That's what the state of North Carolina is telling people who want to buy a Tesla all-electric car, which recently got a near-perfect rating from Consumer Reports.
At first glance, this seems kind of strange. We live in the USA, the land of opportunity. If we want to go buy a car without buying it from a dealership, what's the big deal? It's probably a lot cheaper to do it that way, anyways. But the state of North Carolina is going to court to prevent car-buying consumers from doing just that.
Tesla has been making all-electric cars for a few years now, but differs from more well-known models like the Chevy Volt in that Tesla specializes in high-end luxury electric cars. They decided to differentiate themselves from the rest by making cars with all the bells and fancy whistles that luxury models have, but which happen to be electric. And their cars aren't just for "hippies" or old ladies. Their Roadster model was the first all-electric vehicle to have a range of more than 200 miles per electric charge, tops out at 125 mph (it can go faster but the top speed is electronically controlled), and goes 0-60 in 3.7 seconds with 248 horsepower.
Despite years of unprofitability, Tesla kept plugging along until the first quarter of this year when they posted their first quarterly profit in the company's ten year history. So this appear to be looking up for them. While Chevy and Nissan lose money on electric models that aren't very popular, Tesla's reputation for high quality gains more and more traction.
So now we come to legal action that threatens to derail Tesla's momentum. At issue here are state laws that generally restrict a car maker's ability to sell cars outside of an established dealer network. Such laws exist in multiple states and are designed to restrict the possibility of an automaker circumventing an agreement they have with their own dealers and going around them to sell directly to the public. Dealer Associations across the land argue these laws are necessary to protect the businesses that these dealers are. After all, if Honda could just sell directly to the public on Ebay, all the Honda dealers would go out of business.
Tesla tends to operate on a different model, however. Tesla doesn't have car dealerships in the traditional sense. They operate "stores and galleries" in 14 different states and Washington D.C. A consumer can order a car at any Tesla store, but not at a gallery, which functions strictly as a display showcase. Why do they need galleries - isn't that redundant? In this case, Tesla opened these special galleries only in certain states - states where legal action is pending against Tesla to tell them they can't sell cars the way they do.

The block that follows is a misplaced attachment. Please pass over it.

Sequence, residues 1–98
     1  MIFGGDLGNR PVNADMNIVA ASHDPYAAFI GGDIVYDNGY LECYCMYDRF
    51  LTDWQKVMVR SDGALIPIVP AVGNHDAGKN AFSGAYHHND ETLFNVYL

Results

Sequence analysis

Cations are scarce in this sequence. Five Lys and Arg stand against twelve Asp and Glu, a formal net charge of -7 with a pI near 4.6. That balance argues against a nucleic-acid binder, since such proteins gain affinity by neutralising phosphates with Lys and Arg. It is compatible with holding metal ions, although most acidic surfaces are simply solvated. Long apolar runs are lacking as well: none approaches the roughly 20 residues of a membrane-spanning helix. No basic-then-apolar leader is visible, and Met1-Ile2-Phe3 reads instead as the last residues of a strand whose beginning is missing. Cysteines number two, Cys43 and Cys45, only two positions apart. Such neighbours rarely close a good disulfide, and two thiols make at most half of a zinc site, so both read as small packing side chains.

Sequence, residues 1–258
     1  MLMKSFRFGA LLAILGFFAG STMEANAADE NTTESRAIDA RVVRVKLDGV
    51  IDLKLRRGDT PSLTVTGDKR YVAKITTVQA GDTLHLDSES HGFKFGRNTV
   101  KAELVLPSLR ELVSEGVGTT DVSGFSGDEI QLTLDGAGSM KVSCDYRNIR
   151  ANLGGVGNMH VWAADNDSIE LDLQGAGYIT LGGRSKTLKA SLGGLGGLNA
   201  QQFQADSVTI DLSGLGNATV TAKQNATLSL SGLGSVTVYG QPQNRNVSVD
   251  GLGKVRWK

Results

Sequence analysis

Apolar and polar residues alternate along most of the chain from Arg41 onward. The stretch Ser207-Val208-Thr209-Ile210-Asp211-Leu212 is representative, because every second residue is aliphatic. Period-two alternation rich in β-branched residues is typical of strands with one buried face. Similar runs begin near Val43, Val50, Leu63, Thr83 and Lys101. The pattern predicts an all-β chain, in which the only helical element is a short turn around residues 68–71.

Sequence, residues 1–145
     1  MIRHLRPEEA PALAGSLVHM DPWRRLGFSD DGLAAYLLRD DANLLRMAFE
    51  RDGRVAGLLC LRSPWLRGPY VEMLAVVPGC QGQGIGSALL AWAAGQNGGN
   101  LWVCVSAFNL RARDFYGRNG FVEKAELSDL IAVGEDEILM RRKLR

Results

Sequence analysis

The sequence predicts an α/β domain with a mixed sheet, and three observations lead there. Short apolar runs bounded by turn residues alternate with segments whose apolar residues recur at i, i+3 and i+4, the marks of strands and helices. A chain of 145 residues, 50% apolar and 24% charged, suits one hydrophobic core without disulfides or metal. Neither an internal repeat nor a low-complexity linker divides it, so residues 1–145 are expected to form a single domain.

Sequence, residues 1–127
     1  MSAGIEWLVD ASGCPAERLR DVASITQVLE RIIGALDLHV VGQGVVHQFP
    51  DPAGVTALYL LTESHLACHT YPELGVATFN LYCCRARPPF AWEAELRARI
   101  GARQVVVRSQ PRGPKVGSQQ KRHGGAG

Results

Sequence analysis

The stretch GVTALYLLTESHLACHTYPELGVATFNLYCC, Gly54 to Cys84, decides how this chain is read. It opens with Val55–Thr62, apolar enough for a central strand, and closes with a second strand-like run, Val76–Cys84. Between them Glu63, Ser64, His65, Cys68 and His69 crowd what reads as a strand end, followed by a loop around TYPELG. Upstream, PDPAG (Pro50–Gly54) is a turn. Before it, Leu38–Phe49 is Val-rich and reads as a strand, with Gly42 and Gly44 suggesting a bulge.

Confused? What's the difference, you ask? The key difference here is that when a buyer goes to a Tesla store and tries to buy a car, they don't buy the car at the store. They buy it online, on the spot, and the transaction is legally executed in the state of California. Which circumvents all the state laws that prohibit such practices. And those states aren't happy about it. Colorado, Virginia, New York, Minnesota and Massachussetts have file suits against the practice. Virginia's suit was temporarily successfully; Colorado had to resort to passing legislation against it; the rest of the states all lost in court. So now, it's North Carolina's turn.
It's Not Fair?
When you first hear the story, it sounds like government overkill. Unless you're a car dealer, of course. But it isn't a case of Tesla trying to go around dealers with which they have an exclusive business agreement. What this is are all the other auto dealers - Honda, Toyota, Nissan, Ford, GM - all saying "this isn't fair. They've got to sell cars like everyone else". That doesn't sound very savory to us. Instead of competing on the merits of their product, the big boys are trying to use their legal friends to muscle an upstart out of business (while contributing to the campaigns of the politicians trying to pass legislation to get Tesla out of business). Now, the Big Boys might say "we're just looking out for the consumer. You need dealers to provide service". Maybe you do, to a certain extent. But shouldn't that be the consumer's choice? Tesla car aren't cheap by any means, and anyone who buys one knows exactly what they are and aren't getting. I doubt any Tesla buyer would stand up and say "thanks, Ford, for looking out for me".
Kind of makes us want to run out and buy an electric car. We could still put X-tra Lube in it.